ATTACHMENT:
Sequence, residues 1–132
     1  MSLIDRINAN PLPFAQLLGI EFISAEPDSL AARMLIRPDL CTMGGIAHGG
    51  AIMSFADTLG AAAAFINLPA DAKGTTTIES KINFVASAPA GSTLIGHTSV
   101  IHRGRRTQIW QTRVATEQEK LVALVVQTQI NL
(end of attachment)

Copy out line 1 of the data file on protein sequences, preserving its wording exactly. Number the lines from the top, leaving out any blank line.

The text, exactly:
Sequence, residues 1–132